It's not like the biggest difference or anything but it's a cute, and in the beginning, a very confusing difference."LokMatrona

"Haha, we have the same thing in Ireland - if you’re offered food, drink, etc, you’re expected to say no the first couple of times. My mother in law thought her English nieces and nephews were ‘a bit forward’ because if she’s offer them a cup of tea they’d say ‘Yes please, that would be lovely.’" MichaSound

"My wife is Persian and I’m English. The craziest thing she told me is if you’re a guest in your host’s house and you compliment some object in their house, the rules of hospitality require them to offer it to you. So you may say, 'Wow I love that mirror!' and they will say 'Please, have it!' You will of course refuse, but they will vehemently insist that you take it. This back-and-forth can go on for some time (despite the ironic truth that you absolutely do not want to take it, and they absolutely do not want to give it to you)." th1sishappening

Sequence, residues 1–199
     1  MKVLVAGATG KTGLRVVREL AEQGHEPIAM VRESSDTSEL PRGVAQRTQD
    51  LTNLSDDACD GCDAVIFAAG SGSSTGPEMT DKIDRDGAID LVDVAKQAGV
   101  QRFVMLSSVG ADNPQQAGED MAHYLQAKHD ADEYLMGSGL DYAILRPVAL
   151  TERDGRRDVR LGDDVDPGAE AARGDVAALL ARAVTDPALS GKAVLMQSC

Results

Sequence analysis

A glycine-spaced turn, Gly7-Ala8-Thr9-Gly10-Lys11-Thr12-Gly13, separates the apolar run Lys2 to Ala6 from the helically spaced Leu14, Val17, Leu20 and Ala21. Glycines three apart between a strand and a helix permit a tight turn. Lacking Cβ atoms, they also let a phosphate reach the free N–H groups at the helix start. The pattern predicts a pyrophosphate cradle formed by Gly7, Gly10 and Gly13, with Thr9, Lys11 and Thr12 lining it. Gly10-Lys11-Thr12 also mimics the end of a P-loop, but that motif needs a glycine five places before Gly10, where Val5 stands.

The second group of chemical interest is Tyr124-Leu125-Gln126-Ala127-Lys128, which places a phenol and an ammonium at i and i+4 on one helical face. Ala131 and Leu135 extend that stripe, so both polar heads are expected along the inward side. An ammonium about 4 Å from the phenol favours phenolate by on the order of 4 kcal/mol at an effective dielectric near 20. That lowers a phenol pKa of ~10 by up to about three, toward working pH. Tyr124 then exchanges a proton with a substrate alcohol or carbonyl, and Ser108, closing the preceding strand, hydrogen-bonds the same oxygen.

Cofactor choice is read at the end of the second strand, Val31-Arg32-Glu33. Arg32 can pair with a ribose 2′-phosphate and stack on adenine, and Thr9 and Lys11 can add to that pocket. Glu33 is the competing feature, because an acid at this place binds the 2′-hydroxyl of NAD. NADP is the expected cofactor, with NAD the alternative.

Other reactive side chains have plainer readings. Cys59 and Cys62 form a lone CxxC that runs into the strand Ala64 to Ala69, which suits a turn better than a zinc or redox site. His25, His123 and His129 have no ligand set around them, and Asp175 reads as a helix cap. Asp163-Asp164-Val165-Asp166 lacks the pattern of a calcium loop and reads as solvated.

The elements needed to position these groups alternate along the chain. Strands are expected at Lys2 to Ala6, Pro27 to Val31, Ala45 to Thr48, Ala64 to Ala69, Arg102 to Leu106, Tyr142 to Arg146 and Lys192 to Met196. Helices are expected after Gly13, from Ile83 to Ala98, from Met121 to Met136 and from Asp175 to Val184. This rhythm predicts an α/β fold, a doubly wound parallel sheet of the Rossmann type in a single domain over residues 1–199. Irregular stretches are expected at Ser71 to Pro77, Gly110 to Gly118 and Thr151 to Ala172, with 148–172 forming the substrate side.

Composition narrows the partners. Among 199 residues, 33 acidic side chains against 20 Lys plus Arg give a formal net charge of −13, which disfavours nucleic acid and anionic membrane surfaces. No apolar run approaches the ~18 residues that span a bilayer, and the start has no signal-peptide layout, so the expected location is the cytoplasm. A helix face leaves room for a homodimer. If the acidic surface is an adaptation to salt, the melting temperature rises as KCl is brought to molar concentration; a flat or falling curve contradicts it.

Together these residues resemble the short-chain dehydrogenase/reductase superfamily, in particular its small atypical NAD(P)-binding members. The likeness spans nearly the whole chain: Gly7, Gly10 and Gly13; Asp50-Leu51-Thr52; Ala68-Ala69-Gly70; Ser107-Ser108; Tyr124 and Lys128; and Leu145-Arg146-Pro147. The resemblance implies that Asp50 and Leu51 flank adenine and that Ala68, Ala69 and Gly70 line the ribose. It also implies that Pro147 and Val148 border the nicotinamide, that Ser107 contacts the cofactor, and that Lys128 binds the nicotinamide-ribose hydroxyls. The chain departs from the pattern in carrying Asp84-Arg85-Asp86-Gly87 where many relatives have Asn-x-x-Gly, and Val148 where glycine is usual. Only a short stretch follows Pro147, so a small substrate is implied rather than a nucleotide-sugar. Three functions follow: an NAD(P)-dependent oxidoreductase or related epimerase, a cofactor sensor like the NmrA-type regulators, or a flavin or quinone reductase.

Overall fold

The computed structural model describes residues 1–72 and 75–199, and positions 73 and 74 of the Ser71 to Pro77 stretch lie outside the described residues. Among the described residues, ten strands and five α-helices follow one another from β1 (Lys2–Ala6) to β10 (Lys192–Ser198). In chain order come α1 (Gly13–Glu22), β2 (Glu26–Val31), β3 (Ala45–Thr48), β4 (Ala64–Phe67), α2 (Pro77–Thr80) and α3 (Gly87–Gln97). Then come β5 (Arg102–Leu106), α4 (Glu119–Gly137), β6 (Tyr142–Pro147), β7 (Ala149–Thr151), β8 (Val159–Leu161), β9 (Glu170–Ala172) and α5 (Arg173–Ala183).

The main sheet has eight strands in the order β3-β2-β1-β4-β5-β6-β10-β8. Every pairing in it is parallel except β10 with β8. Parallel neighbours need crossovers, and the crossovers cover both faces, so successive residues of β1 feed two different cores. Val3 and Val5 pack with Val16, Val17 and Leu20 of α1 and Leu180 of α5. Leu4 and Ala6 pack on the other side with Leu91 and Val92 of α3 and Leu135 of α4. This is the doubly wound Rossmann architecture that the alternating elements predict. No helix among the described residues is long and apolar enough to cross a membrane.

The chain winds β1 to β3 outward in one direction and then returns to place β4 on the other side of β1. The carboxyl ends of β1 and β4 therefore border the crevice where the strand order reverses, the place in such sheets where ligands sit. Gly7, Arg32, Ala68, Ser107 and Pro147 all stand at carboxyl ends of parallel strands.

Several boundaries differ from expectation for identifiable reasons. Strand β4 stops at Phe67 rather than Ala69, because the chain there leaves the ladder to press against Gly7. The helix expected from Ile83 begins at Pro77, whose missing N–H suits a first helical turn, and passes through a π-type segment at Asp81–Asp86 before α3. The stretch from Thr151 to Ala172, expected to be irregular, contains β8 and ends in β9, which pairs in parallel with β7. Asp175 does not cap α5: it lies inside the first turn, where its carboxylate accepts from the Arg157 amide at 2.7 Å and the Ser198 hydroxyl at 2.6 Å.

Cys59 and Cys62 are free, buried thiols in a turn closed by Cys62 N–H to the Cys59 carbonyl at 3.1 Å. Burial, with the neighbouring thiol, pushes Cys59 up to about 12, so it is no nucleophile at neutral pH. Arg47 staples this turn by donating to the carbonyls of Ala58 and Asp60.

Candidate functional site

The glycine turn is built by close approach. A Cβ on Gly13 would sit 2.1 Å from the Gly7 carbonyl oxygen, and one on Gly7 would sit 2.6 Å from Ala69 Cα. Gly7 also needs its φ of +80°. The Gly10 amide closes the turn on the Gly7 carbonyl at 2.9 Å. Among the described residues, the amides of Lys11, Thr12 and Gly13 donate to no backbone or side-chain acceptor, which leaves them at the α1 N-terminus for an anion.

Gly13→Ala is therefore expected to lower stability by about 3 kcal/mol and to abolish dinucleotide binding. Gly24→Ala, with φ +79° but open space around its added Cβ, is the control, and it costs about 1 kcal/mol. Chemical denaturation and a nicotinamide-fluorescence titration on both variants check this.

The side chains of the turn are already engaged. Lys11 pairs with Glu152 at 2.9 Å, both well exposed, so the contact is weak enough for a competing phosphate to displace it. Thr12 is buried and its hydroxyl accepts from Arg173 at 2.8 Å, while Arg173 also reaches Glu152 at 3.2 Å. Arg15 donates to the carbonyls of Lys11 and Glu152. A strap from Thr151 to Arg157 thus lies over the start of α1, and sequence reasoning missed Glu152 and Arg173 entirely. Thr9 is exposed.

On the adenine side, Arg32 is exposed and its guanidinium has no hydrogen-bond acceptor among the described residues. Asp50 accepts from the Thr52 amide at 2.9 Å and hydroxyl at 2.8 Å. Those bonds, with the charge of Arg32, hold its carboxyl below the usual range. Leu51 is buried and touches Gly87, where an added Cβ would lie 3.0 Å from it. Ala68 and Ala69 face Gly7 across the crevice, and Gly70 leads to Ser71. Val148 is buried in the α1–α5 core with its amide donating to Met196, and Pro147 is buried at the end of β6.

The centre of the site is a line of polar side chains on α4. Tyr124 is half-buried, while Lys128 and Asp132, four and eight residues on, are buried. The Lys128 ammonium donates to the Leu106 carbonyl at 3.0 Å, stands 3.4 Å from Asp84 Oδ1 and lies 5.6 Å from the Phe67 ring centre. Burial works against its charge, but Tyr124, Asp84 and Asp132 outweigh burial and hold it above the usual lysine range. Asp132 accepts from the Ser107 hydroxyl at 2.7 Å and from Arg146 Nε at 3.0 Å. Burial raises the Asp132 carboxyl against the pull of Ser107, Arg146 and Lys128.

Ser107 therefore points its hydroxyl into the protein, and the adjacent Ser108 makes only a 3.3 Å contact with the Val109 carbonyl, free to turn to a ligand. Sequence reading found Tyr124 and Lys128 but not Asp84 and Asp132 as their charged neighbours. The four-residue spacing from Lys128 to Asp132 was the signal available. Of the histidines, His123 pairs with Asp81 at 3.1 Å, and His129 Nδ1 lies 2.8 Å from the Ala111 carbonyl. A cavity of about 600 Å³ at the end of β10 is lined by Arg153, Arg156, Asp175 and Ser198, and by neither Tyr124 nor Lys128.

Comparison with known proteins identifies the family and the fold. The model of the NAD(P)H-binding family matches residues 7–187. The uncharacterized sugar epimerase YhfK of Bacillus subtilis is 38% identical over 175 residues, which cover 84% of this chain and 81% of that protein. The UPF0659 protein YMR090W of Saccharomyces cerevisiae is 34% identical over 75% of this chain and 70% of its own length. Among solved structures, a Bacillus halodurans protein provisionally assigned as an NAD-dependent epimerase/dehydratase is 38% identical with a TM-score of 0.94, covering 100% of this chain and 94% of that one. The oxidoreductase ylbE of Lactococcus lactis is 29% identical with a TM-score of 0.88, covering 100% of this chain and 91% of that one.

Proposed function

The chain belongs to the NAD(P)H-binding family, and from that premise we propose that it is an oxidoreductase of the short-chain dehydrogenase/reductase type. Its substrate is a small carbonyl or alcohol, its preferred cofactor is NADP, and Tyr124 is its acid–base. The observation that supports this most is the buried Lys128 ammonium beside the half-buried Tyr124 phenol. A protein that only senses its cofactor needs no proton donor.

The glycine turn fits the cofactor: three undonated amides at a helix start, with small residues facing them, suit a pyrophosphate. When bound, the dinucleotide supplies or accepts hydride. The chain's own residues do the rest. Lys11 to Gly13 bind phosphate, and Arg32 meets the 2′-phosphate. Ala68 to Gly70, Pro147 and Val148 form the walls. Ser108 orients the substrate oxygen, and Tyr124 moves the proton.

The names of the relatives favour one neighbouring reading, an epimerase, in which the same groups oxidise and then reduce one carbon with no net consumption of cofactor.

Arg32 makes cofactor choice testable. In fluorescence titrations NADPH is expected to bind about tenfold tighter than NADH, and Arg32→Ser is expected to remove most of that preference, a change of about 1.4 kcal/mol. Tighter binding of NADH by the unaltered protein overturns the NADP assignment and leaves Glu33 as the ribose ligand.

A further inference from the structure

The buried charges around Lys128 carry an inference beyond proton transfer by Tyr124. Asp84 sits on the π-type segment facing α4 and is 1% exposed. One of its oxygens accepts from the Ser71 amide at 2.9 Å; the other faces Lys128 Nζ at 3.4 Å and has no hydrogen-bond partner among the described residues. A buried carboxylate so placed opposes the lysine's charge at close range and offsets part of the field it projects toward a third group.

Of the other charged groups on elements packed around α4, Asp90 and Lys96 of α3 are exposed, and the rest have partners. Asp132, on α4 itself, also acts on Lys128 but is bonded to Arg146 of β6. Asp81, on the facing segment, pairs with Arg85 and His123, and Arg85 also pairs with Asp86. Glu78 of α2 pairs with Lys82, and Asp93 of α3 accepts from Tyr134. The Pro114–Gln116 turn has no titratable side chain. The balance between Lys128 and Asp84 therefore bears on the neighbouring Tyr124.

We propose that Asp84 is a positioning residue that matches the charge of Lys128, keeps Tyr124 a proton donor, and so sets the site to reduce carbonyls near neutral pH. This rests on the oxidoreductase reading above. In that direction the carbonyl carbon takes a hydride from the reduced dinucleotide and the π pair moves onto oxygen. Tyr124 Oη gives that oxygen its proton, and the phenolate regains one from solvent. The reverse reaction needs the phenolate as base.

Learning about one another's popular culture

"My partner is from California, I'm from Singapore. I think the biggest difference is popular culture --- everything from your childhood tv shows, the iconic music of your teens, even your education system, is going to be different. You cannot expect your partner to know what Mr. Rogers is/have watched XYZ cartoon. All assumptions have to be thrown out of the window.